You and your significant other decide to purchase a home together. It’s a huge decision with that could affect your financial future for a variety of reasons. A cohabitation (or living together) agreement can help both of you avoid many of those potential pitfalls.
You may ask, “why do we need a cohabitation agreement? We’re getting along great!” But what happens if things change and the relationship ends? A cohabitation agreement can protect both of you.
When you purchase a home, you will likely be borrowing money and required to sign a promissory note with a bank or mortgage company. That promissory note will be secured by a mortgage. And the real estate will be titled in one or both of your names. If you break up, how do you get your name off of the promissory note and mortgage so that you are no longer financially responsible for the debt? And how do you receive any share of the equity in the real estate? Without a cohabitation agreement, expensive and lengthy litigation may be required. For example, if you both are named on the deed as an owner of the home, you would have to file a partition action in the court to force the sale of the real estate. That could take several months and cost thousands of dollars, and result in the real estate being sold at an auction for an amount that hopefully covers the mortgage payoff but will likely be less than its market value. And, if you are not named on the deed, you may not have any legal rights to the property or equity.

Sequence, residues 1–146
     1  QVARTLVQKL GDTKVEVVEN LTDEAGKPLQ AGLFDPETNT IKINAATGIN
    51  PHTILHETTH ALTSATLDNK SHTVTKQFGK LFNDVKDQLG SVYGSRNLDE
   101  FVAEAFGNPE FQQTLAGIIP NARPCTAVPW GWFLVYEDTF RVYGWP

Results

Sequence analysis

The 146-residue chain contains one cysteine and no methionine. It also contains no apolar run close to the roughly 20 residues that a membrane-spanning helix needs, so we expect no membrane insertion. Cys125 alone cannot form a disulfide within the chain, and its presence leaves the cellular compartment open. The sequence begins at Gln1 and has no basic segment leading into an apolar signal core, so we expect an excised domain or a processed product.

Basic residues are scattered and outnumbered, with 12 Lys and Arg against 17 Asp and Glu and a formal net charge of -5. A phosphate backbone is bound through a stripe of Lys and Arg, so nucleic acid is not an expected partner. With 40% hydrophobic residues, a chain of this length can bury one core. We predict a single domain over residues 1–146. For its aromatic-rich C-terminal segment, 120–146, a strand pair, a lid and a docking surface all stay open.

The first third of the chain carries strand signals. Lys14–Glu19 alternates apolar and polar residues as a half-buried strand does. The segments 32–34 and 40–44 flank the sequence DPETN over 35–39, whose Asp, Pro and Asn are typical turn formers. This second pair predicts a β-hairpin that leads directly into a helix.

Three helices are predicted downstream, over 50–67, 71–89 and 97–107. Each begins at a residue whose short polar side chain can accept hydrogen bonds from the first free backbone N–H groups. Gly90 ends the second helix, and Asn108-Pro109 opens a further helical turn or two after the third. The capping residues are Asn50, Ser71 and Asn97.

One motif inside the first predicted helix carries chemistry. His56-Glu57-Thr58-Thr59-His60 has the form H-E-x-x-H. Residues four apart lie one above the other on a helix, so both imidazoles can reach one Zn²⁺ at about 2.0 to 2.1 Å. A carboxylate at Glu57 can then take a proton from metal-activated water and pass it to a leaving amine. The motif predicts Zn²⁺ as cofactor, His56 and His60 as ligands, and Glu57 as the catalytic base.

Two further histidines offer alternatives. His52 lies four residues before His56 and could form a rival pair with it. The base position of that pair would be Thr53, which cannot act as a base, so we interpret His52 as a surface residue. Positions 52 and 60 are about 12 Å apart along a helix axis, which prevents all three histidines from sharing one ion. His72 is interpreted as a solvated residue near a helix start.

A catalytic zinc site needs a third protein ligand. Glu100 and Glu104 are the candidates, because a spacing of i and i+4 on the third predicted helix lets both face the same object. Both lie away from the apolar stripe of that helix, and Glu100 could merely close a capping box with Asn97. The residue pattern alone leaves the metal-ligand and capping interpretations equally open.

A cohabitation agreement, which is a written contract, can establish specific rights and obligations relating to property, financial support, and estate plans. If the plan is to purchase property together, the agreement can establish how ownership will be shared (for example, 50/50 or other percentages) and how the financial obligations to maintain the property will be shared (establishing who is responsible for what share of the mortgage, real estate taxes, homeowner’s insurance, etc.). And, the agreement can provide the guidelines to follow to deal with the property if the relationship ends.
Buying a home is one of the biggest financial decisions you will ever make. And if you are doing it with your significant other outside of marriage, you both can protect your interests and define your responsibilities simply through a cohabitation agreement.